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The Sketch Artist

a Parable about Pricing



Paris, France, 1948: A young woman strolls along a downtown street and notices a man busily sketching a bowl of fruit. She stops.

“Do you sketch portraits?” she asks the man. “Yes, I do,” he replies, not looking up from the paper.

"Will you sketch a portrait of me, for me to take to my father? I am on my way to him now.”

The artist looks up from his drawing. “Yes. Have a seat.”

Three minutes later, the man presents a portrait to the young woman.

“It’s very good,” she says, not noticing the signature: Picasso. “How much do I owe you?”  He replies, “Three thousand francs.”

“Three thousand!” she exclaims. “But it only took you three minutes!”

Looking into her eyes, the artist retorts, “No. It took me all of my life.”


The final line in this story: "No. It took me all of my life," is the perfect direct response to any suggestion that the amount of time taken to perform a task is a good gauge of the value provided.

Though a few readers might conclude that the fame of the artist determines his billing rate at 1,000 francs per minute, this is not the point.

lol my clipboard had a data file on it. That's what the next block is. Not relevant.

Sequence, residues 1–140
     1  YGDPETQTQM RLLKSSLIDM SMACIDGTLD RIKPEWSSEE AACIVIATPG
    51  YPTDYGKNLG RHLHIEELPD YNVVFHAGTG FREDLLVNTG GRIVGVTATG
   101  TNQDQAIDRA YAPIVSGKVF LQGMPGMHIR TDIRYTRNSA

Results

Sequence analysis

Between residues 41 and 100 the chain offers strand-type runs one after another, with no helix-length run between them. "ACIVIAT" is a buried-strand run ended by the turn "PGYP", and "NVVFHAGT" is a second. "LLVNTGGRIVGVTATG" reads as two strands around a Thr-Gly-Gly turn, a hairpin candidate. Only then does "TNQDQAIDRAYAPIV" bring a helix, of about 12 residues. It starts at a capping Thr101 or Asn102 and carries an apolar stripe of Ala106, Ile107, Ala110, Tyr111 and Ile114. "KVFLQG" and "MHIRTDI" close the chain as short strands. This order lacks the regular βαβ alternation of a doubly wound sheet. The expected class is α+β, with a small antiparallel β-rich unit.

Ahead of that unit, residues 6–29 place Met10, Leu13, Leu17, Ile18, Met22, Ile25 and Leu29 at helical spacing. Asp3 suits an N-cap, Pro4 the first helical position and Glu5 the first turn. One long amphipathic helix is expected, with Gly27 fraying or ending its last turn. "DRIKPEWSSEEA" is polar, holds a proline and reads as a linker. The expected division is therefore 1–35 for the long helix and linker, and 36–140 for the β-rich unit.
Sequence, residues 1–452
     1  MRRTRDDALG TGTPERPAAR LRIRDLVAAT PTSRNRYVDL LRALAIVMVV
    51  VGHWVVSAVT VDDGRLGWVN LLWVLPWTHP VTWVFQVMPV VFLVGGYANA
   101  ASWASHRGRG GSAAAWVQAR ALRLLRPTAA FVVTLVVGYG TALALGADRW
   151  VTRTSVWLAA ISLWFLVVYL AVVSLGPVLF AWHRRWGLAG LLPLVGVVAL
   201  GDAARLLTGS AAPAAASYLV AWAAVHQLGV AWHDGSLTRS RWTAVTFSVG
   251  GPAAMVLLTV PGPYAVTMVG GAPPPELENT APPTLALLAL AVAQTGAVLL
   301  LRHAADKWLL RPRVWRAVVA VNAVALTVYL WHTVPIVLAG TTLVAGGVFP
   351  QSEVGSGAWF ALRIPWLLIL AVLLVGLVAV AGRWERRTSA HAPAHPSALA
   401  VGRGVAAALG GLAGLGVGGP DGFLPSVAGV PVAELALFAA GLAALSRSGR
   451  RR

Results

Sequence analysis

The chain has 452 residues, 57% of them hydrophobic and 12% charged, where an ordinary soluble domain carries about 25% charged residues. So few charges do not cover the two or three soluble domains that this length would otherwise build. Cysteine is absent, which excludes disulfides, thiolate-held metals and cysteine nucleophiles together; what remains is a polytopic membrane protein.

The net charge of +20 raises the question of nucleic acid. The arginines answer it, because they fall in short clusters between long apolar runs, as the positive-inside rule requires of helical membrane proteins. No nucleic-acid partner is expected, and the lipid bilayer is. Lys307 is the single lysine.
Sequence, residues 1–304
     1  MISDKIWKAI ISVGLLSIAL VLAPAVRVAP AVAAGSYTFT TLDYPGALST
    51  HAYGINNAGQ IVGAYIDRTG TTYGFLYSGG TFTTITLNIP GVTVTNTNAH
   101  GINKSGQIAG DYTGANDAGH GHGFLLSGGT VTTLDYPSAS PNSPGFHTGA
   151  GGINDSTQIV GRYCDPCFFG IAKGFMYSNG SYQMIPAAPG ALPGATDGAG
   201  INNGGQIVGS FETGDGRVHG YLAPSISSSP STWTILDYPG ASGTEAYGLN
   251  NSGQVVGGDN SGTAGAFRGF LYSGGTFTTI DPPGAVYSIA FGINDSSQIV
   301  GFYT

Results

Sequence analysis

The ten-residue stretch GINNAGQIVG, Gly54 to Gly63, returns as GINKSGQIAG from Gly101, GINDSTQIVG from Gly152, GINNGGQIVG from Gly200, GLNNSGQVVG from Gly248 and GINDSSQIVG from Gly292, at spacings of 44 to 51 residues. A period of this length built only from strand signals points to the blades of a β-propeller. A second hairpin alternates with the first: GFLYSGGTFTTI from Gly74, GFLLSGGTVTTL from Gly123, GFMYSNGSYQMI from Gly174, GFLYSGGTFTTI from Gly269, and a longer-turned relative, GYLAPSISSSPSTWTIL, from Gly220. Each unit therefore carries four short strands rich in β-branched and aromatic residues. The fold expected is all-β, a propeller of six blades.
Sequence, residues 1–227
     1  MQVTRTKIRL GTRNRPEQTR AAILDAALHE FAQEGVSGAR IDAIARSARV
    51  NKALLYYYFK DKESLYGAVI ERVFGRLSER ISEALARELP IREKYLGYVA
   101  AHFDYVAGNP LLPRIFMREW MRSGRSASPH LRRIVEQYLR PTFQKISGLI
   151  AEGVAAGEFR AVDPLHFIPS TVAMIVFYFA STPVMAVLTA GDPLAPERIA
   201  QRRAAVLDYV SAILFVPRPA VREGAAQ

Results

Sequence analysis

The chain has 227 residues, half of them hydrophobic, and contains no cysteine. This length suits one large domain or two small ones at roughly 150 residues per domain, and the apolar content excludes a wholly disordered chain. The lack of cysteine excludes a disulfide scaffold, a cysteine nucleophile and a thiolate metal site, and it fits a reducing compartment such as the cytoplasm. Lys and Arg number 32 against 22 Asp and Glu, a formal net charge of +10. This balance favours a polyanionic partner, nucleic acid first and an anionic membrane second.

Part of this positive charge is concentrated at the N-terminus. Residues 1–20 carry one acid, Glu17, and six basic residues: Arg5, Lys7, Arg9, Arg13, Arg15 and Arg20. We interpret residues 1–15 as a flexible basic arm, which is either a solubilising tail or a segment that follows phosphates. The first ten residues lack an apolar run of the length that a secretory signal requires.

Rather, a very good portrait drawn quickly can be worth a lot of money. If you question the price based on the short time spent, then you ought to consider that developing the talent and expertise that enable a very good portrait drawn quickly takes a much longer time than the time spent performing the task.

This shifts focus from the time spent performing to the value provided in the result of the performance.

When service depends on talent and expertise, time spent is an arbitrary gauge of the value provided, except when prompt completion has greater value. What is it worth to you to have a talented expert fulfill a need promptly?

- Glenn R Harrington, Articulate Consultants Inc.


Click for Questioning the Billable Hour

Click for The Carpenter's Invoice, A Parable about Pricing


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